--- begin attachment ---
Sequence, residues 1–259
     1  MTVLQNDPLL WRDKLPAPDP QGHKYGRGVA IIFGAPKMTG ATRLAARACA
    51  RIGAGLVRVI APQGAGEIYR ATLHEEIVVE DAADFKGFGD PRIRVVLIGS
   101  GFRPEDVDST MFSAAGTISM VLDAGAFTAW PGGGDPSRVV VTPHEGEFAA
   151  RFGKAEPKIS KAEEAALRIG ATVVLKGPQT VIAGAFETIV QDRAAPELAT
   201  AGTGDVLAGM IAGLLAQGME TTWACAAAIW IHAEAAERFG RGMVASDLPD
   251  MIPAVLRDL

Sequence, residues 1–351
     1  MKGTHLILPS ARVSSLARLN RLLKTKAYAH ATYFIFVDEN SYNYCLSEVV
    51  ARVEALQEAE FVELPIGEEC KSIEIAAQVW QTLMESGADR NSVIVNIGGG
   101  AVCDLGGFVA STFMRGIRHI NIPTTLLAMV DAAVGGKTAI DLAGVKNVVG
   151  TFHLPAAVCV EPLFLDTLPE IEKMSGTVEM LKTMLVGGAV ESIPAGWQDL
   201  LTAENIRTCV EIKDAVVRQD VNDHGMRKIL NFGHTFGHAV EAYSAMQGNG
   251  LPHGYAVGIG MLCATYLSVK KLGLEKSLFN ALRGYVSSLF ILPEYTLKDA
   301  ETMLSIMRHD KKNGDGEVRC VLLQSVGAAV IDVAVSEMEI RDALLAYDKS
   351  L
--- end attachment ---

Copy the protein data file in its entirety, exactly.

Sequence, residues 1–259
     1  MTVLQNDPLL WRDKLPAPDP QGHKYGRGVA IIFGAPKMTG ATRLAARACA
    51  RIGAGLVRVI APQGAGEIYR ATLHEEIVVE DAADFKGFGD PRIRVVLIGS
   101  GFRPEDVDST MFSAAGTISM VLDAGAFTAW PGGGDPSRVV VTPHEGEFAA
   151  RFGKAEPKIS KAEEAALRIG ATVVLKGPQT VIAGAFETIV QDRAAPELAT
   201  AGTGDVLAGM IAGLLAQGME TTWACAAAIW IHAEAAERFG RGMVASDLPD
   251  MIPAVLRDL

Sequence, residues 1–351
     1  MKGTHLILPS ARVSSLARLN RLLKTKAYAH ATYFIFVDEN SYNYCLSEVV
    51  ARVEALQEAE FVELPIGEEC KSIEIAAQVW QTLMESGADR NSVIVNIGGG
   101  AVCDLGGFVA STFMRGIRHI NIPTTLLAMV DAAVGGKTAI DLAGVKNVVG
   151  TFHLPAAVCV EPLFLDTLPE IEKMSGTVEM LKTMLVGGAV ESIPAGWQDL
   201  LTAENIRTCV EIKDAVVRQD VNDHGMRKIL NFGHTFGHAV EAYSAMQGNG
   251  LPHGYAVGIG MLCATYLSVK KLGLEKSLFN ALRGYVSSLF ILPEYTLKDA
   301  ETMLSIMRHD KKNGDGEVRC VLLQSVGAAV IDVAVSEMEI RDALLAYDKS
   351  L